Back in 2009, Guitarist magazine published a huge tribute feature to Les Paul, who died on 12 August that year. Spanning his early life, musical and technical achievements, it explored the legacy left by The Wizard Of Waukesha.
A little under six months before his death, then-Guitarist editor Mick Taylor was lucky enough to speak with Les from his home in New York. Some of the information was used in the Guitarist feature, but for your reading pleasure, here is the full transcript.
Les was 93 years old when the interview took place. While his speech had slowed somewhat, his sense of enthusiasm was absolutely unabated.
Les, it’s a great pleasure to talk to you, thank you for taking the time today. Tell us, are you still playing the Iridium every Monday night?
“Still! Every Monday.”
What are your favourite songs to play?
“Well we have a lot of guests that come up on the stage – anyone could walk up on that stage. It can be Paul McCartney, it could be Keith Richards… you could go on naming them for hours. Jeff Beck… who knows? Over here you may have an astronaut that comes up and we won’t play any songs at all, we’ll be talking.
“So it’s a wide variety. Interesting this question that you ask, I was told here a couple of weeks ago that some rock guitar player got up on the stage and the rest of the band got up and walked off – they won’t even play with one another. But I welcome an eight-year-old kid to come up and see what he’s got – whether I can encourage him to play, just sort of run a curve on him y’know.
“Our music is generally the music I would play way back when I was in the record business. So I’ll play World Waiting For The Sunrise and How High The Moon, maybe Over The Rainbow, some standards. But it depends upon the artist that comes up – if people like a certain kind of music, I will focus the show that way. Whoever walks up on to the stage is the star – he is the picture, we are the frame. The frame is there to make the star look better – let’s make this fellow the best he’s ever going to be.”
You mentioned the example of a young kid coming up to play, and you’d try to encourage him. What can you remember about the first time you started to play, and how you were encouraged?
“To me it was like a disaster to play on a radio station, then go over to a large theatre and walk out there and perform! I’d never done either prior to that. To walk out on the stage the first time, you’re really going fishin’. I got through the radio program fine, but on the stage I didn’t know what to do – I didn’t have an act. I was so frightened. I remember they had some food to eat, and I remember walking out on stage and peeling a banana – I threw the banana away and ate the peeling! That was my first memory of being on the stage.”
Were you Rhubarb Red at that point? [The young Lester Polsfuss used the stage name in deference to his contemporary Pie Plant Pete]
“I was Red Hot Red. We had to start somewhere. And you learn immediately by watching the professionals on the stage. I was nine years old. You learn fast from others how to be an entertainer as well as a musician; you don’t necessarily have to get out there and just play, you can be an entertainer too. I followed that through my whole life. I would have been with the Bing Crosbys the Jack Bennys, the Bob Holcuss, The Andrews Sisters, Fred Waring, Paul Whiteman – all the people I learned from. It never ends where you learn.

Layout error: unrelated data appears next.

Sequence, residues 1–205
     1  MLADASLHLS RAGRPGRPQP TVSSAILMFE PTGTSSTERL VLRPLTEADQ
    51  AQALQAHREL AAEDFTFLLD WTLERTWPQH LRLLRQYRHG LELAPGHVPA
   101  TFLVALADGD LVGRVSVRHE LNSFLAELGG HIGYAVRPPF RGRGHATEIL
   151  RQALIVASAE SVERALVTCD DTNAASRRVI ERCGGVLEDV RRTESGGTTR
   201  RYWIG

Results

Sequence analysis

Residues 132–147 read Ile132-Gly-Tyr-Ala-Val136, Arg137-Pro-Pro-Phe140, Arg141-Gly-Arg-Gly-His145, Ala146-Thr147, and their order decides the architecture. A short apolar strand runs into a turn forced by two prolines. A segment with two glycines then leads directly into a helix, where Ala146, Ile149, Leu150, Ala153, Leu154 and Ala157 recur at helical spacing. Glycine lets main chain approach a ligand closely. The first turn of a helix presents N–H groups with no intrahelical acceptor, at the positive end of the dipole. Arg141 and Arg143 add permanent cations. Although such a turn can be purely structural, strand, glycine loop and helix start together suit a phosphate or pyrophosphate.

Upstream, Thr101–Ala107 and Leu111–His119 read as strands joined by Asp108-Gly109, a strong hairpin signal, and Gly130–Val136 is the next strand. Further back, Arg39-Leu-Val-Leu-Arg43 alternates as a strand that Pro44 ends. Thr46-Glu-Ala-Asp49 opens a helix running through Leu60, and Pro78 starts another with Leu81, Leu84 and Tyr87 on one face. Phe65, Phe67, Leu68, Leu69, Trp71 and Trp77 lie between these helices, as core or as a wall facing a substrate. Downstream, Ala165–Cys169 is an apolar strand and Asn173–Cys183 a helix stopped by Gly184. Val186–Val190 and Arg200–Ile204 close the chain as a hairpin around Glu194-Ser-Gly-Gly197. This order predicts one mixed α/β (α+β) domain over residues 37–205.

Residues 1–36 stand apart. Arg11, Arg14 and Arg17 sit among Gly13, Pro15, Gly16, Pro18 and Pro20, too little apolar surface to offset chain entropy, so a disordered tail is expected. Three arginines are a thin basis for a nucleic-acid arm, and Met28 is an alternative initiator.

“When I started playing, I was playing just the harmonica. We’re back in the prohibition days. Like down a dark alley somewhere, you’d play for an illegal club that was probably right behind a police station, and what I’d do is sing and play the harmonica. It didn’t take me long to work out that I needed something more, and that was the guitar. So when you added the guitar, the harmonica and my voice, you would be talking with people mainly in the bar, or in the restaurant, or the people in the pub.”
Can you remember the first time you started pulling things apart – where did that interest begin?
“What started me pulling things apart, the first thing was that we had a player piano in the living room, and a Victrola [a gramophone in a cabinet that debuted in 1906] and a radio and a telephone. They were the important things I could use to progress. And what I found is that when I played something, my mother or my brother or someone around there would say, That sounds pretty good. I’d say, Well I don’t know because I’m so busy doing it, I’m probably not hearing it the way you’re hearing it.
“So what I did was put on my work clothes to start soldering and building things and the next thing I know I’m studying electronics and I’m heading towards making a recording device so that I could hear what my mother or my brother were listening to: I could criticise it or enjoy it and see what they were talking about! It’s something that surely wasn’t around Waukesha when I was nine years old! There wasn’t such a thing as a recording device, so I had to build it.
“I went out to the transmitter room at the radio station that was just about to go on air and I started talking to the engineer and he started to teach me electronics. My father happened to own a garage, and he had lathes and equipment to work with and a lot of parts. It was up to me figure out how to make some kind of device to record on, so it was down at the garage I put together my first recording machine. It was an old automobile and in those days they had side curtains on them; side curtains for windows made from celluloid: the beginning of plastics. In any case you could cut it with a nail and get a sound on the record.
“The turntable was a Cadillac flywheel, and for the belt, I eliminated all the extraneous noises and rumbles that you don’t wish to record, well, my drummer, who was studying to be a dentist. And it was on his radio station at his dentist school in Milwaukee – its still there. They used dental belt, which was endless belt and that would have a feed through so I could make lines on record. I had that pretty well covered.
“The next thing was to make a pickup which I made out of the telephone receiver. By taking the parts in the living room in my dad’s garage I got it together, played it through my mother’s speaker in the radio. They weren’t the best quality in the world, but it was the beginning. That got me into that world, which of course at the same time got me into the world of amplifying the guitar.”
Was it your experiments in recording that encouraged you forward with the solid body guitar?